I can certainly relate with your daughter - turning to food when anxious or upset is something that I've done most of my life.  I tend to think that many Americans do the same thing.   As a mom, I've tried to give my children alternatives to food so they don't suffer later on from the same compulsive overeating that I do.

My first thought would be to get her help - professional help.  Anxiety and depression are SERIOUS!!  As she gets older it could tend to get worse if not handled properly.  Document what you are seeing, her moods, her coping strategies, and then seek professional medical advice.  You might be able to force her father into allowing her treatment, eventually.  But since that isn't an option at this point in time, it seems as though you will need to be the facilitator of different coping strategies.

First, I believe that a very honest talk with her about what your observations are is needed.  She may not even realize what she is doing to herself.  She's turning to food to help suppress her feelings - it's a numbing type of sensation.  Through eating the food, the feelings are pushed way down and you don't have to deal with them (I've done this for years).  So, she needs a different way of coping with her feelings.  Might I suggest...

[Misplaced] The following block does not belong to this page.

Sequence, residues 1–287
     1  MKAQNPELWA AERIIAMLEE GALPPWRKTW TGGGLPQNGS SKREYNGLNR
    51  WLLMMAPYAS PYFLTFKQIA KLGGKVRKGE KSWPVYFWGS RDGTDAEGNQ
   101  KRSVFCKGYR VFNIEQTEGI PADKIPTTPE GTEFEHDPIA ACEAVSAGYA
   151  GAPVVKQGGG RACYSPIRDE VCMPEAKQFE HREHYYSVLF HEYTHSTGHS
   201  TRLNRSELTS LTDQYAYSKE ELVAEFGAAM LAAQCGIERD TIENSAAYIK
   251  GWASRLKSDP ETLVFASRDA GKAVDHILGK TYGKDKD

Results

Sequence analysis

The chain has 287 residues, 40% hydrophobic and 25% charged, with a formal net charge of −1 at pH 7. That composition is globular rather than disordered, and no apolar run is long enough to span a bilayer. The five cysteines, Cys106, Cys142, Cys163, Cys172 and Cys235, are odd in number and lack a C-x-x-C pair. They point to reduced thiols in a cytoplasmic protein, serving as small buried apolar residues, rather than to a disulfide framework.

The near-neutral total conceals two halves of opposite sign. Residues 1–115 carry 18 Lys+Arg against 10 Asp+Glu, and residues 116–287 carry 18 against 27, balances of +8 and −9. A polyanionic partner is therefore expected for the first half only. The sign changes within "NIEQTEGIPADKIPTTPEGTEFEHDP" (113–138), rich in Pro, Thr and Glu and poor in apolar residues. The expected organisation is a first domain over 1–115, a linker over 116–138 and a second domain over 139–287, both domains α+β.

- Journaling: encourage her to write about what she's feeling - maybe purchase her an inexpensive laptop that is her very own.  When someone writes about what they feel, it's a release of somewhat toxic energy.  Similar to speaking to someone, just the paper (or computer) is the other person.

- Wii Fit: exercise stimulates positive chemical reactions in one's body thereby helping them to feel better about him/herself.  If she's too young to go on a walk by herself when she's feeling anxious, what about working out to the Wii?  It's fun and can be done anywhere.

- stress ball:  A small ball that can be squeezed when stressed might be another option.  

- Meditation:  When feeling anxious, a helpful technique is to meditate.  Finding a "happy place" she can go to in her mind that is peaceful and joyful.  It may sound a little corny, but I learned this in my personal therapy sessions - and it does help!  Also, it's something you and she can do together, then when she is away, she can use it as a coping device.